AB InBev finalises Craft Brew Alliance purchase
The world’s largest multinational brewery, AB InBev, has completed its acquisition of the Craft Brew Alliance more than 20 years after the companies became connected.
The global brewer announced that it was to acquire the remaining stake in Craft Brew Alliance (CBA) in November for $16.50 per share.
AB InBev will now purchase the remaining 68.8% of CBA that it doesn’t already own for about $220 million.
Widmer Brothers Brewery and Redhook Brewery, which are both owned by CBA, initially sold stakes in their businesses to AB InBev in 1995 to gain access to the brewer’s much larger distribution network.
AB InBev then acquired a 31.2% stake in CBA in January 2013.
In August 2019, it rejected a deal to buy CBA outright. The initial deal stated that by 23 August, AB InBev either had to buy CBA for US$24.50 per share, equating to around $500m, or make a $20m payment. It opted for the latter, and the merger was back on the cards by November.
CBA will form part of AB InBev’s craft beer portfolio, which currently includes brands such as Camden Town Brewery and Goose Island.
CBA chief executive Andy Thomas and chief financial officer Christine Perich have joined the multinational’s Brewers Collective business unit as general managers, overseeing 17 out of its 23 beer brands.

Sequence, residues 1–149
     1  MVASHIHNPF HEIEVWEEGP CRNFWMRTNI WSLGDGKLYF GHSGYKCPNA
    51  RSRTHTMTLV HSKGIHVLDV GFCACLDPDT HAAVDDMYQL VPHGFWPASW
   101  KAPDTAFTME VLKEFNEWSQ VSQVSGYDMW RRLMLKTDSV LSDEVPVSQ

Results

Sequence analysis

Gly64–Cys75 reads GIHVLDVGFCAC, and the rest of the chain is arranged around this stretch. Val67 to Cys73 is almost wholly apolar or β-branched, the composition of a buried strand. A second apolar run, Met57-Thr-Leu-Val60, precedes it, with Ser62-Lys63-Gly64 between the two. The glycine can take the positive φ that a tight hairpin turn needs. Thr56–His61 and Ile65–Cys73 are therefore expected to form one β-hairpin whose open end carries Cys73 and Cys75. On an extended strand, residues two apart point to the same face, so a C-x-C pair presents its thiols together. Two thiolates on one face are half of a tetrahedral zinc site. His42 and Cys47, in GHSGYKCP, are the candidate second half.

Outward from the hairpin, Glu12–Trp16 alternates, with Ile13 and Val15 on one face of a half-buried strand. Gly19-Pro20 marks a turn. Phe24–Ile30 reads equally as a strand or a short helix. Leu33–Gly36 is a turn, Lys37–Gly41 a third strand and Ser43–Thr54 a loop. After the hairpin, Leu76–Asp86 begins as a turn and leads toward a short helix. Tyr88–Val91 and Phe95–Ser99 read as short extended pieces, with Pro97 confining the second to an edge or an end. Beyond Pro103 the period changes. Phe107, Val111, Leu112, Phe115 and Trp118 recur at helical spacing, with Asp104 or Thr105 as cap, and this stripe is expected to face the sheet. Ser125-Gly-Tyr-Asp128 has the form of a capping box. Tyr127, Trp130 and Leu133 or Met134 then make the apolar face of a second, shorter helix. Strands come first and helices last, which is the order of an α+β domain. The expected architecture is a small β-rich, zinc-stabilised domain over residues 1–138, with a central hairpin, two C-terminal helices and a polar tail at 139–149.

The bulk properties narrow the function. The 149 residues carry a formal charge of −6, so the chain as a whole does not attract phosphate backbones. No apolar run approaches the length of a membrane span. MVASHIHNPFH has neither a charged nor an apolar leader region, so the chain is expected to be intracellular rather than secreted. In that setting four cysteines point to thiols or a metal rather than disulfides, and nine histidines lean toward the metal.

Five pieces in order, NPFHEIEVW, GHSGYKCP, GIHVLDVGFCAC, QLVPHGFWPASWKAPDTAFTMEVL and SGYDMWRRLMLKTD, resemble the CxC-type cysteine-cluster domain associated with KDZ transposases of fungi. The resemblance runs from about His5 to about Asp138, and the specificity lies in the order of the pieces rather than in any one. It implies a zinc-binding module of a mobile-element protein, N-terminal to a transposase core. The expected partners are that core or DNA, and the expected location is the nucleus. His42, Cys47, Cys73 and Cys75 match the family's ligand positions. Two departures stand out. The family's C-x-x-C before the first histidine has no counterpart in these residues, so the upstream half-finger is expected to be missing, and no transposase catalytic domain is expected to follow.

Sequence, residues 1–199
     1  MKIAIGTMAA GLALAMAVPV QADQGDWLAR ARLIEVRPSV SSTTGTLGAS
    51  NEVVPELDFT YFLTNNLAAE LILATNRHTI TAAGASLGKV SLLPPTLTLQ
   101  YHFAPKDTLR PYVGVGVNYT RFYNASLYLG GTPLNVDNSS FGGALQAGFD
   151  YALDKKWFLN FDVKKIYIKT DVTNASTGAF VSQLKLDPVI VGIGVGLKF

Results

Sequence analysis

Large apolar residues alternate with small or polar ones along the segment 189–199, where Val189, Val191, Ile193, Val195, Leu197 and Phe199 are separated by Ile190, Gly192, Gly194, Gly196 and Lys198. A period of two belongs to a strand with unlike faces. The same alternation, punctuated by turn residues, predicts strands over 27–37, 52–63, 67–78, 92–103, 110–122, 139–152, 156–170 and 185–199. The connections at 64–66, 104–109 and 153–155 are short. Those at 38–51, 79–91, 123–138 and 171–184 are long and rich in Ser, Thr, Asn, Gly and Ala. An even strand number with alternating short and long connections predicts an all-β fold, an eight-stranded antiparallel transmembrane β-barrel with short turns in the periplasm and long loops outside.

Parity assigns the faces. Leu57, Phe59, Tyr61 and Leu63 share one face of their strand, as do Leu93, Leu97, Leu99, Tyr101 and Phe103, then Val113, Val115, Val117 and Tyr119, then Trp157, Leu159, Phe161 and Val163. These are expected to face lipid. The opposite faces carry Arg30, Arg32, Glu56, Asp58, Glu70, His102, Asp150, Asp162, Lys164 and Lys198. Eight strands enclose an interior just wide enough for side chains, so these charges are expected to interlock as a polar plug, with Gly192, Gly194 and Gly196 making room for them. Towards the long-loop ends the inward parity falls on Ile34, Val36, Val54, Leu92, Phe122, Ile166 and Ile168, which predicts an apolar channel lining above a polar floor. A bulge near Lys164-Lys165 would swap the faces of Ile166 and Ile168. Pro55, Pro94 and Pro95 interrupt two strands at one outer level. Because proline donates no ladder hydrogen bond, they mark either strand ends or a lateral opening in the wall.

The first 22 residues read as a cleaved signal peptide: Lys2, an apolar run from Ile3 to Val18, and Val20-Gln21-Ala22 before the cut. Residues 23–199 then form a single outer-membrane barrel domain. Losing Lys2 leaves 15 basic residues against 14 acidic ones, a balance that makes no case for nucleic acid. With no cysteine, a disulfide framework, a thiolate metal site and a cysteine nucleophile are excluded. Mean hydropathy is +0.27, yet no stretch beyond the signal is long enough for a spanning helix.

Based in Portland, Oregon and founded in 2008, the CBA is a collection of craft brewing brands including Kona Brewing, Appalachian Mountain Brewery, Cisco Brewers, Omission Brewing Co., Redhook Brewery, Square Mile Cider Co., Widmer Brothers Brewing, and Wynwood Brewing Co. Beers produced by the group are available in all US states and in 30 countries around the world.
Though the deal was approved by shareholders in February, the Department of Justice in the US required the merger to be restructured to avoid violating competition laws.
But as part of the agreement, AB InBev agreed to divest Kona Brewing’s business in Hawaii to a start-up called PV Brewing Partners.
Makran Delrahim, assistant attorney general of the DOJ, said the original merger “would have significantly increased market concentration in Hawaii and eliminated the growing competition between ABI and CBA brands.”